Health

The investor-to-state dispute settlement (ISDS) provisions proposed in trade agreements give pharmaceutical corporations the right to sue governments for compensation if domestic laws negatively affect future earnings on their intellectual property or investments, and even if these laws are in accordance with public interests. Better access to medicines or preventing unsafe or ineffective medicines from entering the market could prove problematic.

Major US, Canadian and French pharmaceutical companies have recently challenged pro-public health measures through ISDS disputes brought under ISDS provisions.

Chemical corporations have also used ISDS in numerous occasions to challenge national bans on hazardous substances.

Most well-known cases include:

• Ethyl (US) vs. Canada: following Canada’s ban on the toxic petrol additive MMT, the US producer sued for US$201 million in compensation. In 1998, Canada agreed in a settlement to pay US$13 million and withdrew the ban (NAFTA invoked).

• Philip Morris Asia (Hong Kong) vs. Australia: When Australia introduced plain packaging for all tobacco products in 2011, Philip Morris sued Australia before an arbitral tribunal. In its December 2015 decision, the tribunal dismissed the case, albeit on legal grounds only. Australia spent A$39 million in legal costs (this figure might include a related World Trade Organization case) but Philip Morris only paid half, leaving the Australian taxpayers to pay the other half. As a consequence of this case, countries ranging from Namibia, Togo to New Zealand decided to wait to introduce their own plain packaging for tobacco products. (Australia-Hong Kong BIT invoked)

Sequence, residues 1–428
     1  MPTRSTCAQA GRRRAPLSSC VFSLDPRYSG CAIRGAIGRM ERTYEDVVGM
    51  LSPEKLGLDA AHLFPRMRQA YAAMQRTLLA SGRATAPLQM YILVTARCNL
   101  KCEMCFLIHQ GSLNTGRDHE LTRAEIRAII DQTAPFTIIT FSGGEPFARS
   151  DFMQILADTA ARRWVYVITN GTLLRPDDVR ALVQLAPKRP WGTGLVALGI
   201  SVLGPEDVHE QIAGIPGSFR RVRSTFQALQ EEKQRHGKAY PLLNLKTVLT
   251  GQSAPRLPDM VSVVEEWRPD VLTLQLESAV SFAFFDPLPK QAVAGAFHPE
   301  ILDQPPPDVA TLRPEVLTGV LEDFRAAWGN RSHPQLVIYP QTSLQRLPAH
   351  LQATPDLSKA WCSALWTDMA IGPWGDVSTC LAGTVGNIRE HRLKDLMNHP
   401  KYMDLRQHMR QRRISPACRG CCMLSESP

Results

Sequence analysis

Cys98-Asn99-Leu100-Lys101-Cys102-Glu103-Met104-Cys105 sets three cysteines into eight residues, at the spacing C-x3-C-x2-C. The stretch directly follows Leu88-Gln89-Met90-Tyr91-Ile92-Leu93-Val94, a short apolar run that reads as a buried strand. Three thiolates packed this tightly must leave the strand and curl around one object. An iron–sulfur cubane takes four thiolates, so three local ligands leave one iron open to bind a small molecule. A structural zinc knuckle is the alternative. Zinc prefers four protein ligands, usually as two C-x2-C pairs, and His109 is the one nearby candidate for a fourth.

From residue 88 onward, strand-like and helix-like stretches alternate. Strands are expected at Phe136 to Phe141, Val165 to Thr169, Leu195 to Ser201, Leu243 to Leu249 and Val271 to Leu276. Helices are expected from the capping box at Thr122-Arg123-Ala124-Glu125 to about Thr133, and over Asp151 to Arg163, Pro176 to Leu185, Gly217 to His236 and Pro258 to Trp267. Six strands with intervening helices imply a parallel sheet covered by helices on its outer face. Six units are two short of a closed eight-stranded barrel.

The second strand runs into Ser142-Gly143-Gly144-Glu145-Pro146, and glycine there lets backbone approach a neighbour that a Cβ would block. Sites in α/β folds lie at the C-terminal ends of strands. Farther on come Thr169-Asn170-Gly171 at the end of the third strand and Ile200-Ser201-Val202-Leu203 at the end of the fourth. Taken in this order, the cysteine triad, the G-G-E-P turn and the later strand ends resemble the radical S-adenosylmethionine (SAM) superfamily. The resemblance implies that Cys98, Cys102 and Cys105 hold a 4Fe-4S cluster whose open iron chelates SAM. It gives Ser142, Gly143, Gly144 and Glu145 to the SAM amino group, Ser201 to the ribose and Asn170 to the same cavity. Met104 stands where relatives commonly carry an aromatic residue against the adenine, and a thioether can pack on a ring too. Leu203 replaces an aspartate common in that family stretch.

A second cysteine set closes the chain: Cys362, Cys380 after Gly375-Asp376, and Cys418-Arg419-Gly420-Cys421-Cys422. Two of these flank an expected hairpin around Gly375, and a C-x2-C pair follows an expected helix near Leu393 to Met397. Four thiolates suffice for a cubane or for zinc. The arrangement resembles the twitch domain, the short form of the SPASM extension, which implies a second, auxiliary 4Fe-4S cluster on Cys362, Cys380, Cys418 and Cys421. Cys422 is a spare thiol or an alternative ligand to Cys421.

• Dow Chemical (US) vs. Canada: the chemical corporation initiated a dispute for losses it alleged were caused by a Quebec provincial ban on lawn pesticides containing the active ingredient 2,4-D, classified as a possible carcinogen and one of the ingredients in Agent Orange, the herbicide widely used during the Vietnam war. In a settlement in 2011, the ban was sustained but Quebec was required to state that “products containing 2,4-D do not pose an unacceptable risk to human health or the environment provided that the instructions on their label are followed.” (NAFTA invoked.)

(March 2020)

Euronews | 11-Jul-2016
La justice internationale a donné raison au gouvernement uruguayen dans son bras-de-fer avec le groupe Philip Morris.
Reuters | 9-Jul-2016
The World Bank’s ICSID ruled in favor of Uruguay in a suit filed by Philip Morris International seeking compensation for economic damages caused by the nation’s anti-tobacco measures.
ICTSD | 26-May-2016
The tribunal considered that the main and determinative reason for the 2011 restructuring was in order for the tobacco giant to bring a legal claim under the BIT Treaty, using a Hong Kong-based entity.
Health Canal | 19-May-2016
“Despite the losses and defeats, tobacco companies will keep coming back for more. They will fight on regardless in order to delay and disrupt the rollout of the World Health Organization’s best-practice tobacco control measures,”
Slovak Spectator | 11-May-2016
Slovakia has made a step towards reversing an arbitration ruling over the ban of generating profits on private health insurers, the Finance Ministry says.
Tele Sur | 30-Apr-2016
The Ecuadorean government is being forced to use money that could go toward relief efforts to instead pay off a multinational oil company.
Nueva Tribuna | 14-Apr-2016
Private arbitral tribunals will be able to impose multi-million fines on States whose parliaments have dared to legislate without taking into account corporate expectations.
New Statesman | 5-Apr-2016
One element of TTIP has been largely ignored – the deal’s impact on developing countries.
Nueva Tribuna | 7-Mar-2016
Tribunales privados de arbitraje podrán imponer multas multimillonarias a los Estados cuyos parlamentos hayan osado legislar sin tener en cuenta las expectativas de las empresas.
The Clinic | 12-Feb-2016
El domingo pasado el canciller, Heraldo Muñoz, tras firmar el Acuerdo de Asociación Transpacífico, que debe ser ratificado por el Parlamento, argumentó que las críticas se debían a desinformación. La organización civil, Chile mejor sin TPP, responde al secretario de Estado y refuta sus afirmaciones sobre los beneficios que traerá para el país el cuestionado acuerdo comercial.

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